The Bank of Jamaica (BOJ) has intervened in the foreign exchange market for a fourth time this month, offering $15 million USD to authorized cambios and dealers on Monday (October 26).
The latest intervention has again capped the sale price at a maximum of 20 cents above the buying price and restricted resale to end users.
Speaking at a virtual press briefing back in May 2020 on the central bank’s Quarterly Monetary Policy Report (QMR), Governor Richard Byles revealed that since the beginning of the pandemic in March, the bank had injected a little over $300 million into the market.
Byles described the $300 million as a significant intervention, indicative of the bank’s commitment to ensuring that every Jamaican has access to goods and services that have to be paid for in foreign currency.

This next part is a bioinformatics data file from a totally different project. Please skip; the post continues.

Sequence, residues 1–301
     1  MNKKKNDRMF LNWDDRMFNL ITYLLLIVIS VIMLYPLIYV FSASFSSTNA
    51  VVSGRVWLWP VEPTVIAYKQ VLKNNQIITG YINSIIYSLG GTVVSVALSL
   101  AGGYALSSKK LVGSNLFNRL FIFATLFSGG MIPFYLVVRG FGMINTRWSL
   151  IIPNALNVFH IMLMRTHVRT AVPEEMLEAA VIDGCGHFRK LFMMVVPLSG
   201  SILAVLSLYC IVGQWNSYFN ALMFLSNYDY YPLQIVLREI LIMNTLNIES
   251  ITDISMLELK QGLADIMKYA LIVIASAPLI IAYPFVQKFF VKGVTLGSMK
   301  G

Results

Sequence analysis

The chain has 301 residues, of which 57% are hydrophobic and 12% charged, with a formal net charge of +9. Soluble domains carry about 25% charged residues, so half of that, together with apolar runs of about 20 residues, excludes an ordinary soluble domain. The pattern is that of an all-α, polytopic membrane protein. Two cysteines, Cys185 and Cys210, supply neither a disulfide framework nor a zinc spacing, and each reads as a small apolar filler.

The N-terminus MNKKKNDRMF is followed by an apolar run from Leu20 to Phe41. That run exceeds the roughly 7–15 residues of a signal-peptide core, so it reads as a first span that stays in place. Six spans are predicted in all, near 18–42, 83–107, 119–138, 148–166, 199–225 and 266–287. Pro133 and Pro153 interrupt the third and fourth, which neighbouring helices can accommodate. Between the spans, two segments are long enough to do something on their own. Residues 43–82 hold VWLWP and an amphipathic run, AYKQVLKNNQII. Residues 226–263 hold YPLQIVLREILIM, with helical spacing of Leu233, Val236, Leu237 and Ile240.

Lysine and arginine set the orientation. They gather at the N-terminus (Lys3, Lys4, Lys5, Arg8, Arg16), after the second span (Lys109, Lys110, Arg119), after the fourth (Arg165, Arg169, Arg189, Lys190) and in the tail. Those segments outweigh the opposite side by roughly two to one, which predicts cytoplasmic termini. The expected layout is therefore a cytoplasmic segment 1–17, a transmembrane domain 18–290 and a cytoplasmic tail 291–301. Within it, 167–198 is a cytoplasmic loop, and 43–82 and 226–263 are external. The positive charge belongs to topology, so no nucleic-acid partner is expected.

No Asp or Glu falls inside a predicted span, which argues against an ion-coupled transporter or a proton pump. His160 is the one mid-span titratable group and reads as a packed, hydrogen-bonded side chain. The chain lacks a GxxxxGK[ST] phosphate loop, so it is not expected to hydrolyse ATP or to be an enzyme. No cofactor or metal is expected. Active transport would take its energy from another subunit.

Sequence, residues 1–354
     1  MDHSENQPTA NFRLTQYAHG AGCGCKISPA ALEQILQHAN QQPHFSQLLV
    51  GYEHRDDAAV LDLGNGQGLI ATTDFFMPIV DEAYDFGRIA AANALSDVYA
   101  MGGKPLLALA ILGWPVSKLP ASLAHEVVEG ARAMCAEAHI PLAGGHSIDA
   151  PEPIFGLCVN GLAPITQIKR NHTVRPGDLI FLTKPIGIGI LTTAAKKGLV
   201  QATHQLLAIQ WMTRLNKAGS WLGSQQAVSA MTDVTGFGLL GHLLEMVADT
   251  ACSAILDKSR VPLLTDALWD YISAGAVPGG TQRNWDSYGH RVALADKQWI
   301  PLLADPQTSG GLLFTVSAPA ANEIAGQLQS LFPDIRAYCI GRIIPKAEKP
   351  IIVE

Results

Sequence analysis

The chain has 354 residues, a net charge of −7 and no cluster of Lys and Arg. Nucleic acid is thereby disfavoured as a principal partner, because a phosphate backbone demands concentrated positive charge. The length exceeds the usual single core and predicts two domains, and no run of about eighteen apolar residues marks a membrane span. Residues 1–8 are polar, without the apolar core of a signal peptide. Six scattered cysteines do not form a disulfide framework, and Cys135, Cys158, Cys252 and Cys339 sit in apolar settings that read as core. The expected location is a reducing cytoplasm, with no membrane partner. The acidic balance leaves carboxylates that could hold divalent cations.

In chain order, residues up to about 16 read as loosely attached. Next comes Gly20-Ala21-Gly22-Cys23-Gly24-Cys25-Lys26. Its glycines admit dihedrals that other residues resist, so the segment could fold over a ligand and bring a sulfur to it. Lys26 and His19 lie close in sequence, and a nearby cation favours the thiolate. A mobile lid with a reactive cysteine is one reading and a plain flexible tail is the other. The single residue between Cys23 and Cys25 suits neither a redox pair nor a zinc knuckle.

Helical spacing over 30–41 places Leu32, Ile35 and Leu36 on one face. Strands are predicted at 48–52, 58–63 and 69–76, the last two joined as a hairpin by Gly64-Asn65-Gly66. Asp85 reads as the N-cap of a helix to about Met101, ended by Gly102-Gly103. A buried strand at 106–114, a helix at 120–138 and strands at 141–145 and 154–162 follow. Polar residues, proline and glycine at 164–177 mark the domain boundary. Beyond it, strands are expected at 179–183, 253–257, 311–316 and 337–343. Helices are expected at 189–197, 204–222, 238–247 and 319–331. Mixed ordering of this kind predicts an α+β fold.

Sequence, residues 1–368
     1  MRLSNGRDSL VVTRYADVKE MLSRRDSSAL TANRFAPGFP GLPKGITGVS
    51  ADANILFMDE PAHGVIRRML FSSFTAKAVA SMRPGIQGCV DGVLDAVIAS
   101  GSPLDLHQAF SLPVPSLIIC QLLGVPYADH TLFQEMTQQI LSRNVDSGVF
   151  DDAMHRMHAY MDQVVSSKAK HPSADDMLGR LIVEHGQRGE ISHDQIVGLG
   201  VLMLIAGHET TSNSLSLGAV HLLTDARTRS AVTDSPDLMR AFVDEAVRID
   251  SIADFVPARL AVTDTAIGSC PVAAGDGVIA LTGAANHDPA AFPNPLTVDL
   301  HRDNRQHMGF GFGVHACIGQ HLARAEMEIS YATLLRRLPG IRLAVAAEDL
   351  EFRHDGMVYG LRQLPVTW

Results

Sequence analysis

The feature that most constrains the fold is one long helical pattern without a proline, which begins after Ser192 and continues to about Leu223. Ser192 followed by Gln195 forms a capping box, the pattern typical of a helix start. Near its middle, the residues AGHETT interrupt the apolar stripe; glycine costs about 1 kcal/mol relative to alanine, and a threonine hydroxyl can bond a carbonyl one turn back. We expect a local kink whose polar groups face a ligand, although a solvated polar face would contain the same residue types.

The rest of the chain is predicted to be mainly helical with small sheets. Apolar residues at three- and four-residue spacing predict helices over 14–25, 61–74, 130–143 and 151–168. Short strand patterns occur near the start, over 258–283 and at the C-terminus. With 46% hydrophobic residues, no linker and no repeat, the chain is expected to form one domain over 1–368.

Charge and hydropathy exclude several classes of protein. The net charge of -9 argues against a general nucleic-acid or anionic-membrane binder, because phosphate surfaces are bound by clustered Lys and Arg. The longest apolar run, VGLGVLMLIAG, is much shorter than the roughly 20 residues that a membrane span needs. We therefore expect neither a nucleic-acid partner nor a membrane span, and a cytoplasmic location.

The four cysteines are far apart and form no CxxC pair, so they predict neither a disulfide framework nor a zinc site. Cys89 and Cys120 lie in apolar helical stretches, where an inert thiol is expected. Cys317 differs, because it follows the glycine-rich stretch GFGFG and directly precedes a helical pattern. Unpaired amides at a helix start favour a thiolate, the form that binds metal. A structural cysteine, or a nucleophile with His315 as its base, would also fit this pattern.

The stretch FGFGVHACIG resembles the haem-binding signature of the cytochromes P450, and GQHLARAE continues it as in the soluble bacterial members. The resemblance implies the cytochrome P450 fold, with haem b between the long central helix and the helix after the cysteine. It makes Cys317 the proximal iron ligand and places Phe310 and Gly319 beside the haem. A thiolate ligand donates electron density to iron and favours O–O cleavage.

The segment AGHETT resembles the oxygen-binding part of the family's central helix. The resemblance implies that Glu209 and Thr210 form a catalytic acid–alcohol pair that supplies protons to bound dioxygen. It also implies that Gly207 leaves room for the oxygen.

Byles said interventions of this kind were unsustainable, warning that continuing in such a way would quite significantly reduce the country’s non-borrowed reserves.
The BOJ is projected to sell more than US$1 billion to the market over the course of the fiscal year.
The BOJ’s latest intervention means that the central bank would have injected close to $75 million USD into the market since the start of October.